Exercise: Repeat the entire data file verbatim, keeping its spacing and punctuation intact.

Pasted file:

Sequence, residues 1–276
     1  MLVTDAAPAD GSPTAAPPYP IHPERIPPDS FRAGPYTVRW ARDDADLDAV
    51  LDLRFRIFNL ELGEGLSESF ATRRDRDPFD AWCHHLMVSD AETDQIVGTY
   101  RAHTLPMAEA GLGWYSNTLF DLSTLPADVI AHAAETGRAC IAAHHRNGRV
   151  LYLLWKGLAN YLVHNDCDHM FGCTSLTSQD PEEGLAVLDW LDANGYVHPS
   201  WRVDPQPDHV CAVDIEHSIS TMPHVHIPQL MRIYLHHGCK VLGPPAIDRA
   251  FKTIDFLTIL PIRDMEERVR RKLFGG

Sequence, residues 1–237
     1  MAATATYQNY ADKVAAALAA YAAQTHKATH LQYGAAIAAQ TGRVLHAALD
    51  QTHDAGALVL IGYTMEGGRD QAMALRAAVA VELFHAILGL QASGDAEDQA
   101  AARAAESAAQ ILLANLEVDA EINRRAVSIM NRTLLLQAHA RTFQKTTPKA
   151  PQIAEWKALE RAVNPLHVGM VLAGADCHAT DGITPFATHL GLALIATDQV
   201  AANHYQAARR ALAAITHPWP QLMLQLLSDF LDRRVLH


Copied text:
Sequence, residues 1–276
     1  MLVTDAAPAD GSPTAAPPYP IHPERIPPDS FRAGPYTVRW ARDDADLDAV
    51  LDLRFRIFNL ELGEGLSESF ATRRDRDPFD AWCHHLMVSD AETDQIVGTY
   101  RAHTLPMAEA GLGWYSNTLF DLSTLPADVI AHAAETGRAC IAAHHRNGRV
   151  LYLLWKGLAN YLVHNDCDHM FGCTSLTSQD PEEGLAVLDW LDANGYVHPS
   201  WRVDPQPDHV CAVDIEHSIS TMPHVHIPQL MRIYLHHGCK VLGPPAIDRA
   251  FKTIDFLTIL PIRDMEERVR RKLFGG

Sequence, residues 1–237
     1  MAATATYQNY ADKVAAALAA YAAQTHKATH LQYGAAIAAQ TGRVLHAALD
    51  QTHDAGALVL IGYTMEGGRD QAMALRAAVA VELFHAILGL QASGDAEDQA
   101  AARAAESAAQ ILLANLEVDA EINRRAVSIM NRTLLLQAHA RTFQKTTPKA
   151  PQIAEWKALE RAVNPLHVGM VLAGADCHAT DGITPFATHL GLALIATDQV
   201  AANHYQAARR ALAAITHPWP QLMLQLLSDF LDRRVLH